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It’s that time of the decennial again, when the federal government starts sending out census questionnaires to millions of residents. And the government is urging everyone — especially people of color — to fill out their forms and get counted.
“Historically, African Americans have been reluctant to participate in the census in the past,” says Arnold Jackson, associate director for the 2010 census. “Other than voting, I’m not sure anything is as important-the census helps dictate who represents us and where federal dollars are spent in our communities.”
Unfortunately, the 2000 Census missed an estimated one million people of color and also undercounted low-income people and children.
The 2010 Census will ask for your name, gender, age, race, ethnicity, relationship, and whether you own or rent your home — the simple questions will take about 10 minutes to answer, he says. (Sample questionnaire)
The Constitutionally mandated census is conducted every 10 years and counts every resident in the United States. The census will help communities receive more than $400 billion in federal funds each year and also help determine the number of seats each state has in the U.S. House of Representatives.
“We’ve made progress on reducing the differential undercount, but it is extremely for any group that is concerned about equal representation to participate,” says Jackson.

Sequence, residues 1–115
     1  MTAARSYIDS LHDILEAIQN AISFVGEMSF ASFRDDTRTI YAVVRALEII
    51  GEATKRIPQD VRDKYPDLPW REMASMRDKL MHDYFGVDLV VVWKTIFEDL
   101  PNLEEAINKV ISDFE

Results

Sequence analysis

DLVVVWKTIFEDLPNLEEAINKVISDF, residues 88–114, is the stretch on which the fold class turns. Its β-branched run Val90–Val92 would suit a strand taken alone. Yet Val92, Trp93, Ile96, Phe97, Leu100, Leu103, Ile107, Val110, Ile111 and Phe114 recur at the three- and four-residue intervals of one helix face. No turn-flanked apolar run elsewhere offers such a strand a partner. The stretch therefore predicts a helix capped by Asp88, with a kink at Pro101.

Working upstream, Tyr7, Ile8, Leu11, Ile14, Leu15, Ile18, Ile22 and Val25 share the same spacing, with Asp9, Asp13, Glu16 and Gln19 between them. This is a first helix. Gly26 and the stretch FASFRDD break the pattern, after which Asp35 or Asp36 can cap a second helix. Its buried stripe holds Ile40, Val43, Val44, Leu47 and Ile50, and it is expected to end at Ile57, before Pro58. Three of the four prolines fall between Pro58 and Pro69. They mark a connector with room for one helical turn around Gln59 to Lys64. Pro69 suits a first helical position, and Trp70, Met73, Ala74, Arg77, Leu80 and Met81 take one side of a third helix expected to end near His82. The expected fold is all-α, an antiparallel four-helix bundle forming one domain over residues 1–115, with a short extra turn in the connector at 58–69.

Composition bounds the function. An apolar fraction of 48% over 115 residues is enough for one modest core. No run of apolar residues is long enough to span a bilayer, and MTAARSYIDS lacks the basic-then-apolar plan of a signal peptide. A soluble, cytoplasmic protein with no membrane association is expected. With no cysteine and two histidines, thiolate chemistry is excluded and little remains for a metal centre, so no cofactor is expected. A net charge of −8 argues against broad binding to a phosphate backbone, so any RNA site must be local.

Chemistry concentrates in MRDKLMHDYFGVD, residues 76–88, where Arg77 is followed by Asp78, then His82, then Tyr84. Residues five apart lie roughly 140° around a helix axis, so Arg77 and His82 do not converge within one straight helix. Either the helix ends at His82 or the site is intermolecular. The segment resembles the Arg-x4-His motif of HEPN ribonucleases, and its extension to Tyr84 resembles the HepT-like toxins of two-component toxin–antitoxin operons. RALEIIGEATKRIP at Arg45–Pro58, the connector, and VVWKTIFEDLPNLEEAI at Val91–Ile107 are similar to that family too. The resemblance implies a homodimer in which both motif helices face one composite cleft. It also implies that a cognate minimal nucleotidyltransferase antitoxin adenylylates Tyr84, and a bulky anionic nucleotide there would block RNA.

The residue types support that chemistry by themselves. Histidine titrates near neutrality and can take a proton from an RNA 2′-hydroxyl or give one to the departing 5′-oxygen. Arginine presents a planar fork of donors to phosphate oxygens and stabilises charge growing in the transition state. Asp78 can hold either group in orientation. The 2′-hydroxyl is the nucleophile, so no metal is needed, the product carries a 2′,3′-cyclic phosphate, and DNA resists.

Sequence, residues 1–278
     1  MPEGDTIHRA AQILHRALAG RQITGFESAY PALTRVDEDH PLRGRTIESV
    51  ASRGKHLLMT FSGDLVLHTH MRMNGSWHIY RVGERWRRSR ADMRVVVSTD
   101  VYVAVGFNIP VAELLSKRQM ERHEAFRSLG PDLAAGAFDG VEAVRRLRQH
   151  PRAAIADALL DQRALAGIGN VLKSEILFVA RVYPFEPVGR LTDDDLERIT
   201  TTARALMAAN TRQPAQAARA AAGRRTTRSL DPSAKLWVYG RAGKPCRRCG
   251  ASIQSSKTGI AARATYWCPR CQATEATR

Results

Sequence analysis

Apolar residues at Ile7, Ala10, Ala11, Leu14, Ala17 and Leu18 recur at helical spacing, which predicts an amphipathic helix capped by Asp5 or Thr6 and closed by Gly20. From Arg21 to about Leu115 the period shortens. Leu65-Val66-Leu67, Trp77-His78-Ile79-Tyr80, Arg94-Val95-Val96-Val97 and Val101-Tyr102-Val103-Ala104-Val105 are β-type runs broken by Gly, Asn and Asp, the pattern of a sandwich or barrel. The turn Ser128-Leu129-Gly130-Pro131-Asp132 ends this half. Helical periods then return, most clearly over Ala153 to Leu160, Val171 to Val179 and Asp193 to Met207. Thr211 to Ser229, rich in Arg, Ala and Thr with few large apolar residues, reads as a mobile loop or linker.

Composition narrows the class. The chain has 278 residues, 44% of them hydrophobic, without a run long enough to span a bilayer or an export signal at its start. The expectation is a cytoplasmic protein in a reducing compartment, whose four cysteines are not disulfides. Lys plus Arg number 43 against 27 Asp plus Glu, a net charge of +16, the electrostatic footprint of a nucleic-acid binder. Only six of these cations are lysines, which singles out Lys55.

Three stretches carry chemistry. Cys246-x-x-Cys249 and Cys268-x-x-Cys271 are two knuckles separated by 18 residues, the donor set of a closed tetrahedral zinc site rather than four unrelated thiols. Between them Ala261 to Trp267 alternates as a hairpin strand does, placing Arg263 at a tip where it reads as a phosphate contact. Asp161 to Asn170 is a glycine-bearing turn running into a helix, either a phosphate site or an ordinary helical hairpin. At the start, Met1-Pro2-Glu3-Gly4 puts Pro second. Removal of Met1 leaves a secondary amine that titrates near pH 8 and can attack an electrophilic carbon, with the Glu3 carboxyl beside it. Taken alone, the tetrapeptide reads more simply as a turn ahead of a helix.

By March, the 10-question census form will be delivered to every residence in the United States and Puerto Rico. The federal government would like the form mailed back by April 1. If the form isn’t returned, you may receive a visit from a census taker, who will ask you the questions from the form. Though the majority — 90% — of forms will be mailed, the census bureau will also send out staff to areas where is not delivered to residences uniformly and areas that historically have a low rate of return of questionnaires to conduct interviews.
Jackson says that the census is safe and people should not be fearful of filling out the form. By law, the Census Bureau can’t share an individual’s responses with anyone. All Census Bureau employees take an oath of nondisclosure and are sworn for life to protect the confidentiality of the data. The penalty for violating the oath is a fine of up to $250,000 or imprisonment of up to 5 years, or both.
“For every one percent increase in mail response, about $85 million in taxpayer dollars are saved,” says Kamille A. Davis, a public information office for the census bureau.
(Continued on next page: FAQs and Key Census Dates)